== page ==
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GREY-HEADED BUSH SHRIKE

Mystery Call No. 3

A pair of these birds were making these loud ratchet-type calls just before going to sleep one night at Mjejane, a private reserve between Malelane and Komatipoort in the Lowveld. They roosted in a thicket on an old termite mound.

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This subtropical passerine is celebrated for both its bright colour and its incredibly powerful, melodic song. Some have even called it the finest songster in Africa. Its name recently changed from someone’s, to something quite generic.

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WHITE-BROWED ROBIN-CHAT

Mystery Call No. 4

Last winter, a pair of these birds were nesting in a woodland clearing near Kruger National Park. I snuck up to the nest entrance and hid the sound recorder nearby, leaving it on record. After a few minutes the bird returned and continued nest construction.

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A bird that spends of the day on the wing. It is unusual for being present in winter, and indeed, breeding in winter. Another difference from most of its relatives, is that it breeds in rodent tunnels on flat ground.

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GREY-RUMPED SWALLOW

Mystery Call No. 5

I encoutered this bird while hiking at high altitude in the Drakensberg in KwaZulu-Natal. However, I also see it on a daily basis on the West Coast where I live. The clip starts with a few single calls, and ends with a single song sequence from this male bird.

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This species is pretty much the biggest (local) member of its family. It is named for its colour in Afrikaans and English. Such a high, sweet voice probably requires a energy-rich diet.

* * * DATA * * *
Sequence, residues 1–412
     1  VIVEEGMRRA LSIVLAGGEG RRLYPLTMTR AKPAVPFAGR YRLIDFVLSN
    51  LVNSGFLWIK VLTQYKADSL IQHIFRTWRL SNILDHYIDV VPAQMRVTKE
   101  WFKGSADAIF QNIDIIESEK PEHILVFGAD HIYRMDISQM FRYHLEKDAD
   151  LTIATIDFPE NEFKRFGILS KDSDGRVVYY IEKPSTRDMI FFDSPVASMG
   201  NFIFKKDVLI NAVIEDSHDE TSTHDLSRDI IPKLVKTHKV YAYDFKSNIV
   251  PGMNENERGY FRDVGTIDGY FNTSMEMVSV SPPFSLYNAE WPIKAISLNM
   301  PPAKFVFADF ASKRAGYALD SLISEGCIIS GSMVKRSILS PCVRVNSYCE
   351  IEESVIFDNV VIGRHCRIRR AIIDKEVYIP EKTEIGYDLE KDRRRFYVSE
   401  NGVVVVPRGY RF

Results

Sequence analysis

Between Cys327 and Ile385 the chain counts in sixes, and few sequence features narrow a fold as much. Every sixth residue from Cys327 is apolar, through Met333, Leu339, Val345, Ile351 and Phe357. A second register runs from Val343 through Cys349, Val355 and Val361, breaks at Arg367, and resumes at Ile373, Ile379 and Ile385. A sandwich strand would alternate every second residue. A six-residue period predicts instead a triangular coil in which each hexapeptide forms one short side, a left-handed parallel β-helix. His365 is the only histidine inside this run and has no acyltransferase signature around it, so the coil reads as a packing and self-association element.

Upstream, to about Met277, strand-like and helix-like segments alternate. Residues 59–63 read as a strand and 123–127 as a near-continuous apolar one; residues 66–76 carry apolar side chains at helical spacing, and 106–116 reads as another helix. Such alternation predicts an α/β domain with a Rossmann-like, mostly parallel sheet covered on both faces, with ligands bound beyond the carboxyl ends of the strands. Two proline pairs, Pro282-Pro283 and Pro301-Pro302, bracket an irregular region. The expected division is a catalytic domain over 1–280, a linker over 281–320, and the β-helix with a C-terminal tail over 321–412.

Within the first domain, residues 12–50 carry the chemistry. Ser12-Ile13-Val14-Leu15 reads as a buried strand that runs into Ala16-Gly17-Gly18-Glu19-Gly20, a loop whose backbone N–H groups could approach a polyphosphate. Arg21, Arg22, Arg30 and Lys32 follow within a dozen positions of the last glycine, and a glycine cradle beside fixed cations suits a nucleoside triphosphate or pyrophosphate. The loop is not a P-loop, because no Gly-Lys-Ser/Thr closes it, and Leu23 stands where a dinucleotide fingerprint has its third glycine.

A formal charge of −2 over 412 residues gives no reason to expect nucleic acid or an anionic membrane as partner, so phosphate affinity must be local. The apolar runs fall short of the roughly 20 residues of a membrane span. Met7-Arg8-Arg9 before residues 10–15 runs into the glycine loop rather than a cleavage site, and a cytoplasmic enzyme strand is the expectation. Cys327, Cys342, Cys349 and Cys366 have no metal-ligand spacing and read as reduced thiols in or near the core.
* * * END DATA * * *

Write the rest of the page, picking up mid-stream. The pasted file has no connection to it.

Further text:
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MALACHITE SUNBIRD

Mystery Call No. 6

Another recording from Mjejane along the Crocodile River in the Lowveld. These are rather secretive birds that usually stay close to dry thickets. They spend most of their time on the ground though. These soft calls were given by pair at dusk.

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A terrestrial passerine that occurs in scrubby areas, usually in dry, dense woodland in the eastern parts of the region. They often jerk their tails up and down, displaying a prominent tail pattern.

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BEARDED SCRUB ROBIN

Mystery Call No. 7

These sharp calls are from a very common and widespread woodland bird. Its normal calls are loud and distinctive (though variable). I recorded this from a bird foraging unobtrusively in the canopy of a Combretum tree at Vaalkop Dam in North West Province.

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A predatory passerine that forages in the mid-levels and canopy of a variety of wooded habitats. The common name is from a hidden plumage feature, that becomes visible during social displays.

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BLACK-BACKED PUFFBACK

Mystery Call No. 8

Expect the unexpected! One morning I woke up to this juvenile bird sitting on my lawn, begging loudly. It is a species that I had never even seen in the garden, yet it must have recently bred somewhere in the general vicinity. Tame, inquisitive and persistent!

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The bird was begging from a hoopoe, but that is not its parent. Unlike adults of its species, it is yellowish below. It also has many ‘special features’, such as raised nostrils, thick skin and zygodactyl toes.

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GREATER HONEYGUIDE

Mystery Call No. 9